The traditional model of employer-employee relations in the United States was a "psychological contract" in which employees made long-term commitments to organizations in exchange for long-term job security, training and development, and internal opportunities for promotion. Beginning mainly with the recession in the early 1970's, this paradigm began to unravel. Organizations began using extensive downsizing and outsourcing to decrease the number of permanent employees in the workforce. Among employees this situation has resulted in a decided shift in desire: instead of working their way up in an organization, many now prefer to work their way out. Entrepreneurship at the small business administration are now the fastest-growing majors in business schools.

Several factors have generated movement from the old paradigm to the new one. Organizations have had legitimate and pressing reasons to shift to a new paradigm of employer-employee relations. Large numbers of permanent employees make it difficult for organizations to respond quickly to downturns in demand by decreasing payroll costs. The enormous rights in wrongful discharge suites has created incentives for organizations to use temporary, contract, and leased employees in order to distance themselves from potential litigation problems. Moreover, top management is under increased pressure from shareholders to generate higher and higher levels of return on investment in the short run, resulting in declines in hiring, increases in layoffs, and shortage of funds for employee development.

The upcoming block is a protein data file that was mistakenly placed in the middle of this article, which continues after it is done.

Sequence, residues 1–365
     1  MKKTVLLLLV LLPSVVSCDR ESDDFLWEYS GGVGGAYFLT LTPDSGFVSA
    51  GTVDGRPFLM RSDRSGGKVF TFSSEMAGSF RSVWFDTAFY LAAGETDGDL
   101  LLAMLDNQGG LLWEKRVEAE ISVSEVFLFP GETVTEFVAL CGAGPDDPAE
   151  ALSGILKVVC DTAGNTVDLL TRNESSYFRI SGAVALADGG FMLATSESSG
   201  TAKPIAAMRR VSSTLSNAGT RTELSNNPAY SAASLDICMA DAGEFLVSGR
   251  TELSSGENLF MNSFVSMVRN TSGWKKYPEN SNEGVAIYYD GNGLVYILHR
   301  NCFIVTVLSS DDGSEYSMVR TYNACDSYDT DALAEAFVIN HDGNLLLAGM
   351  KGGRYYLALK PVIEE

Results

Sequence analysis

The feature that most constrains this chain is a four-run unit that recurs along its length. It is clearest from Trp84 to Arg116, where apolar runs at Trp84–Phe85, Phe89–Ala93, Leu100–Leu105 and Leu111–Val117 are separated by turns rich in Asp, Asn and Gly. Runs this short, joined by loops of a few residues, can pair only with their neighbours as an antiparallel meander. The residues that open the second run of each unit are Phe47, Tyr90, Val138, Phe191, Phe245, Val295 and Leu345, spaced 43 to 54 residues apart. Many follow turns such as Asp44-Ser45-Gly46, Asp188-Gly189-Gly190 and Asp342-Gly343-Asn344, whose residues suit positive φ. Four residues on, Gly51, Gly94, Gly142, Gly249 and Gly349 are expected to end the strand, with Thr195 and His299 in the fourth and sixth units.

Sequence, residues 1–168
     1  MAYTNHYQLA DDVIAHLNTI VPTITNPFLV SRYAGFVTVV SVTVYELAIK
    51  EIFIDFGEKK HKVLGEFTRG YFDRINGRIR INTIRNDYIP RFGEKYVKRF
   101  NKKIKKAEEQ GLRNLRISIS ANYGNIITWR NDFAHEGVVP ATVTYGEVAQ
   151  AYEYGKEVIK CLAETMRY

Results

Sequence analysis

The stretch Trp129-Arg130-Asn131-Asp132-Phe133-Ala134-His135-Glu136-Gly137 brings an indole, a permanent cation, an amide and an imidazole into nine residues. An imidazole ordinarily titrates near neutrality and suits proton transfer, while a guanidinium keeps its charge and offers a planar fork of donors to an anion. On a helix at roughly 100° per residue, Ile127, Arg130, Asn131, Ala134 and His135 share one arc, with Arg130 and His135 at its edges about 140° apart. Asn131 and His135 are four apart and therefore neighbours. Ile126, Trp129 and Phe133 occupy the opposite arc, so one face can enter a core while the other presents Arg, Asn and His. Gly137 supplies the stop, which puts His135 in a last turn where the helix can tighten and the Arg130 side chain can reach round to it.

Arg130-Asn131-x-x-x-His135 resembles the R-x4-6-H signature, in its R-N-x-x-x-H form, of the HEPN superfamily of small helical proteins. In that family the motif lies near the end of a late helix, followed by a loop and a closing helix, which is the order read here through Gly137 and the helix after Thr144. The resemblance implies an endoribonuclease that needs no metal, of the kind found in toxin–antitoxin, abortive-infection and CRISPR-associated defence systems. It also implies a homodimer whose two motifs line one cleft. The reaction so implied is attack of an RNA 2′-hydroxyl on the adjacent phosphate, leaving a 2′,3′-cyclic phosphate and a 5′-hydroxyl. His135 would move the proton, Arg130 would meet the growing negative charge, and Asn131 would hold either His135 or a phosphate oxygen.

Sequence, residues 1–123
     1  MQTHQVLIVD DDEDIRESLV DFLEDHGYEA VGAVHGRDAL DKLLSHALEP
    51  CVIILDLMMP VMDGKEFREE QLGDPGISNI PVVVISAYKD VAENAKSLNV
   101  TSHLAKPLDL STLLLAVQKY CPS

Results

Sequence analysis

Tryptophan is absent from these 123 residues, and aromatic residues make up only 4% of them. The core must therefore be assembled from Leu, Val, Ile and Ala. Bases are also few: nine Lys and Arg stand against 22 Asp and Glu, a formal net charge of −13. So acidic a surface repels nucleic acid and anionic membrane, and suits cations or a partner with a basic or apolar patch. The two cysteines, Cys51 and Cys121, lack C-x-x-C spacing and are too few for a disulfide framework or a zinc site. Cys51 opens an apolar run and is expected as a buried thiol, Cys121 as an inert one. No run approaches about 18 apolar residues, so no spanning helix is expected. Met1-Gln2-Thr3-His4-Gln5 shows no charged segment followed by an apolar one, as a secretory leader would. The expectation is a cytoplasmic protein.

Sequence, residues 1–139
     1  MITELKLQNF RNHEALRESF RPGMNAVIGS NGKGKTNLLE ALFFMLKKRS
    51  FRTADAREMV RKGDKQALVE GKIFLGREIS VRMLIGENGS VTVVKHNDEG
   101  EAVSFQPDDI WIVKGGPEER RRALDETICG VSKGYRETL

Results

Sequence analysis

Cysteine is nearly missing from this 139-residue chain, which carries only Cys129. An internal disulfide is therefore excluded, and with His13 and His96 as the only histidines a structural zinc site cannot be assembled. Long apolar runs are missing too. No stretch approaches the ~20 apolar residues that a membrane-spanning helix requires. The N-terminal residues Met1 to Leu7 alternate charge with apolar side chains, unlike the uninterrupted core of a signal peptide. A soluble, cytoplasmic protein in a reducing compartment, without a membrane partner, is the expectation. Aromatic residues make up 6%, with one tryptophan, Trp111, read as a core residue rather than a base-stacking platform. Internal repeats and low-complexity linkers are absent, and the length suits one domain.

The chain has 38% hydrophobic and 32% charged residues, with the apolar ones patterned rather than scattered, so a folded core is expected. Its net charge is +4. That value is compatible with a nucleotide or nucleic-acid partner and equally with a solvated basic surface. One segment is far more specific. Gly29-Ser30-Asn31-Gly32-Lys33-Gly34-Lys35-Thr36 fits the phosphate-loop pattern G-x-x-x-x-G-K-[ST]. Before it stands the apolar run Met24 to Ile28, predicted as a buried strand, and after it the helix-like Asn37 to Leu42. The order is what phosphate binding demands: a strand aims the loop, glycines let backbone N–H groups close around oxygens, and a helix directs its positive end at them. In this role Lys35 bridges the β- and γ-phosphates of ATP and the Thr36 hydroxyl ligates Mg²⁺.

At the same time, a lack of forthrightness on the part of organizations has led to increased cynicism among employees about management's motivation and competence. Employees are now working 15 percent more hours per week than they were 20 years ago, but organizations acknowledge this fact only by running stress-management workshops to help employees to cope. Sales people are being asked to increase sales at the same time organizations have cut travel, phone, and advertising budgets. Employees could probably cope effectively with changes in the psychological contract if organizations were more forthright about how they were changing it. But the euphemistic jargon used by executives to justify the changes they were implementing frequently backfires; rather than engendering sympathy for management's position, it sparks employees' desire to be free of the organization all together. In a recent study of employees' attitudes about management, 49 percent of the sample strongly agreed that "management will take advantage of you if given the chance."

The passage suggests that organizations' movement to the "new paradigm" (highlight text) is based in part on the expectation that wrongful discharge suites against employers are ____?

less likely to be filed by non-managerial employees than by managers

less likely to be filed by leased employees than by contract employees

less likely to be filed by contract employees than by permanent employees

more likely to be filed by employees with a long history in the organization than by newer hirers

more likely to be filed in small organizations than in large ones


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